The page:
PETALING JAYA: Sustainability remains a key agenda item for corporate real estate (CRE) executives, with 70% viewing sustainability as a critical business issue today and 89% taking sustainability into consideration when making their location decisions, an increase from 76% in 2008, according to the third annual CoreNet Global and Jones Lang LaSalle global sustainability survey conducted in September and October 2009.
The survey shows an increase in the willingness to pay a premium to retrofit owned space at 74%, up from 53% in 2008. A majority of 51% are willing to pay 1% to 5% more premium compared with 33% last year and 24% are willing to consider a premium of 5% or more, up from 20% last year.
As for leased space, respondents are still reluctant to fork out premium rent for a leased green office without some form of payback. Thirty-seven per cent (same as 2008) will consider a premium of 1% to 10%, while 34% expect to pay the same and 8% expect to pay less for a sustainable space. Up to 21% of the respondents are willing to pay a premium only if the additional expenditure is offset by lower operating cost. The most important portfolio metric is energy cost, taking up 37% of the survey while 29% put employee health and productivity as the most important.
The percentage of respondents considering green building certification remains at 89% while those that “always consider” them increased to 41% from 21% last year. Jones Lang LaSalle and CoreNet Global posed a new question this year, which reveals that 90% consider energy scores or labels to be important and 46% “always consider” them in administering their portfolios.
The survey also notes that the importance being placed on building design and performance information suggests that the introduction of mandatory ratings for new developments and refurbishment (Singapore’s GreenMark and the US’ Energy Star in some US states and municipalities) and mandatory disclosure of building energy performance (Japan, Australia and the UK) appear to be welcomed by occupiers in many markets.
However, 40% ranked “the number of buildings certified” as the least important portfolio sustainability metric, which suggests that CRE executives are more focused on using green building ratings as mechanisms to evaluate and compare the sustainability of available space rather than placing green-rated buildings as a goal to achieve.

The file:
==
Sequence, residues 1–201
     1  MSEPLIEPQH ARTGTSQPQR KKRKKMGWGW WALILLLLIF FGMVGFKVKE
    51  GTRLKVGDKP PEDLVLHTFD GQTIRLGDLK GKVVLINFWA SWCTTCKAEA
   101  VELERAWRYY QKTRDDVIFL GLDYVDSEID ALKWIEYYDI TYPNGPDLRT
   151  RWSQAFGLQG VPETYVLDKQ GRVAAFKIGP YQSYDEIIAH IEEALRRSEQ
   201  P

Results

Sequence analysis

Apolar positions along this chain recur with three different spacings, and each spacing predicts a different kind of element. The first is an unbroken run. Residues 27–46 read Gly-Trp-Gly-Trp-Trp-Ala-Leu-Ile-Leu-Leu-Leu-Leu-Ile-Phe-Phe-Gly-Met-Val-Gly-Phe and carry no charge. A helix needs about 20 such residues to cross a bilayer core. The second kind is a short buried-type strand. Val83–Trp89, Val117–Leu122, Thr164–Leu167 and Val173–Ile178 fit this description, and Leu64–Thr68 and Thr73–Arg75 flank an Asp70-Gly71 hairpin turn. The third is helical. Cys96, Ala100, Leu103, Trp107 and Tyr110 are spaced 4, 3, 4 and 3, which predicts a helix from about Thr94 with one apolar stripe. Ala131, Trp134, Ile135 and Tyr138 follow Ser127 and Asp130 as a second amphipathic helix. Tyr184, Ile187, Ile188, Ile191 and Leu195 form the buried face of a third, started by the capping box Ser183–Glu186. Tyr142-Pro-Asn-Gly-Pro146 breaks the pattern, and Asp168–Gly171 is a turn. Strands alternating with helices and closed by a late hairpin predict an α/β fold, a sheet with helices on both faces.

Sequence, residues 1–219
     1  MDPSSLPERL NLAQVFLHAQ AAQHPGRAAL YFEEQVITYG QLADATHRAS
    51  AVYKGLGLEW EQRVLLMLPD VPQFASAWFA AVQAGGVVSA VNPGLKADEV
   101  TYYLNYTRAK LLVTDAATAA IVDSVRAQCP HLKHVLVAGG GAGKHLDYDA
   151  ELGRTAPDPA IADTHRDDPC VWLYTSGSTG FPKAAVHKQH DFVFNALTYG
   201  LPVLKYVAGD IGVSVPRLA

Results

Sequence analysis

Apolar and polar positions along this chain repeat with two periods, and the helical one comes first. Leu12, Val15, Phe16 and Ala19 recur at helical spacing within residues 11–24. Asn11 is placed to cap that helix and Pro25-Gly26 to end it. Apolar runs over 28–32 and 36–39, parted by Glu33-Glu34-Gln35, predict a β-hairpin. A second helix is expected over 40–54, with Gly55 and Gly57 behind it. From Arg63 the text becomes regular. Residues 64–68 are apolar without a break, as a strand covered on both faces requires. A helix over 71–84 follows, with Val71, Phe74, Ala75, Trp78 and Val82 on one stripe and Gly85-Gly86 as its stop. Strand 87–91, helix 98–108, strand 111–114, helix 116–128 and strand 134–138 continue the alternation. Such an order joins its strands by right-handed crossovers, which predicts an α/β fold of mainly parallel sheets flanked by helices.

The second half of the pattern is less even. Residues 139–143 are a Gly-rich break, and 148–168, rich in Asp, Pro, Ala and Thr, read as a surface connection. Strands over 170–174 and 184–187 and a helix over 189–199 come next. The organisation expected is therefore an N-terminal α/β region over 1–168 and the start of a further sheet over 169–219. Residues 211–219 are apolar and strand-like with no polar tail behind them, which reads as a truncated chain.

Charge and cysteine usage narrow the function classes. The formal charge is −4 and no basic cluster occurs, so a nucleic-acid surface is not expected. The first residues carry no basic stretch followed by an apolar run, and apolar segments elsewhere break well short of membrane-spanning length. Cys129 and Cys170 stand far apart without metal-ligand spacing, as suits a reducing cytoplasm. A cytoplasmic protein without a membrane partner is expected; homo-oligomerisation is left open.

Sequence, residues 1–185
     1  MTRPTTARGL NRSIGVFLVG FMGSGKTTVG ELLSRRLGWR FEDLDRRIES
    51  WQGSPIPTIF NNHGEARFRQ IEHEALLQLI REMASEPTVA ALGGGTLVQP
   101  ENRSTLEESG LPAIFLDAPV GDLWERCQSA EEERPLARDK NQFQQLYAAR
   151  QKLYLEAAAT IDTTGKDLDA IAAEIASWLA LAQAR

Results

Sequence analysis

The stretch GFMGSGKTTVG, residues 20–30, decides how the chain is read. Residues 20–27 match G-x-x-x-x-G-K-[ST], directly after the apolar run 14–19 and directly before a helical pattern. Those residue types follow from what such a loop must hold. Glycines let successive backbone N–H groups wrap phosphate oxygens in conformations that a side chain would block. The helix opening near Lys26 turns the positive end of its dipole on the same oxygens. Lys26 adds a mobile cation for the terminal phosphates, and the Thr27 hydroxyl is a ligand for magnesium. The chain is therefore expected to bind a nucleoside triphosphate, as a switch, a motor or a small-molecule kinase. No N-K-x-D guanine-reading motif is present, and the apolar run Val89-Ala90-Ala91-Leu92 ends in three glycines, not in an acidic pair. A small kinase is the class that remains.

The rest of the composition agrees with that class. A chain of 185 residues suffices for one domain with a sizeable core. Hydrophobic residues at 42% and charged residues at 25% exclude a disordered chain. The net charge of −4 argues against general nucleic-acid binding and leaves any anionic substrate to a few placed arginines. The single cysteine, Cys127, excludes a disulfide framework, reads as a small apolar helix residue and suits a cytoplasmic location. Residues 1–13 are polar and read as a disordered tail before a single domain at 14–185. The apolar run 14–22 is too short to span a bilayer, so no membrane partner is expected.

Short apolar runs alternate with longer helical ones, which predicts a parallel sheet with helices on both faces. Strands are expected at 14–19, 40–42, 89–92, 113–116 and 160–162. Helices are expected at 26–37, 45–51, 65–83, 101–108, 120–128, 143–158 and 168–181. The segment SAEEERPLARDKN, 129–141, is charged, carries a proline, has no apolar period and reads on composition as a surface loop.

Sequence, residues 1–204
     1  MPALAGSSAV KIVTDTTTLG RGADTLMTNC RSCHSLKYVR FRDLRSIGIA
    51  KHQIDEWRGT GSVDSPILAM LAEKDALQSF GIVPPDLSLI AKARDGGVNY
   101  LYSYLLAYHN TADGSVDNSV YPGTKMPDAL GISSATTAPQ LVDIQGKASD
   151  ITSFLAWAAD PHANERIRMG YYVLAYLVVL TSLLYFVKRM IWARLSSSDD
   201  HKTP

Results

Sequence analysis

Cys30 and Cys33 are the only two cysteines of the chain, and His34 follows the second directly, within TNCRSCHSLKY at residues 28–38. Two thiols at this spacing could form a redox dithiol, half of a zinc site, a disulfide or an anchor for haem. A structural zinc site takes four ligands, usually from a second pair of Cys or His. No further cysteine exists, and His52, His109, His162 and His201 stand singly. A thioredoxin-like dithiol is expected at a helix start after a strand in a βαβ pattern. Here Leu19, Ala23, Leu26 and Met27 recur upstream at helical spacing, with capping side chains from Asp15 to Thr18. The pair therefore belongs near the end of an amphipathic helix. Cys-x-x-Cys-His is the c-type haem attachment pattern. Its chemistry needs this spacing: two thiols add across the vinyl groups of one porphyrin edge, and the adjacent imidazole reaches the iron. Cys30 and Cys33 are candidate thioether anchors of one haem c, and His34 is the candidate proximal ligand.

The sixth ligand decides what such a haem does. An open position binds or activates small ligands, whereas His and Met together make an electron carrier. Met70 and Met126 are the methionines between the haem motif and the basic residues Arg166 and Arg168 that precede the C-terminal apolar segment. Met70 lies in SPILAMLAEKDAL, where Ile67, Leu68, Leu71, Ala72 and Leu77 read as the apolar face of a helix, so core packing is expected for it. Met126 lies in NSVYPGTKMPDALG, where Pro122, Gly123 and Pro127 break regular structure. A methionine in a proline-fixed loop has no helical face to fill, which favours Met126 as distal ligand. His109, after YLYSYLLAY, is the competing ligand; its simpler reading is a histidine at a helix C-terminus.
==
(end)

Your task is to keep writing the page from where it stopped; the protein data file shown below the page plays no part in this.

The importance of sustainability has also become a professional and personal issue for CRE executives, with 45% indicating they are “highly involved” in providing sustainability performance data. This is followed by 35% in funding sustainability-oriented investment and 30% involved in employee communication and feedback.
Respondents were also asked to rate the importance of five different aspects of their individual involvement in sustainability. Of the group, more than a third ranked each aspect as “highly important”, with the top-rated aspect being the implementation of sustainability as an expression of personal values. More than half of the respondents rate this as “highly important” and 30% giving it a medium importance.
Obtaining funds for the implementation of sustainability is the biggest challenge for CRE executives -- 67% rated it as “difficult or extremely difficult”. Other “difficult or extremely difficult” challenges are insufficient comparable industry metrics (63%), the availability of tools necessary for data collection (59%), the difficulties of the building certification process (56%) and calculating the ROI of sustainability initiatives (54%).
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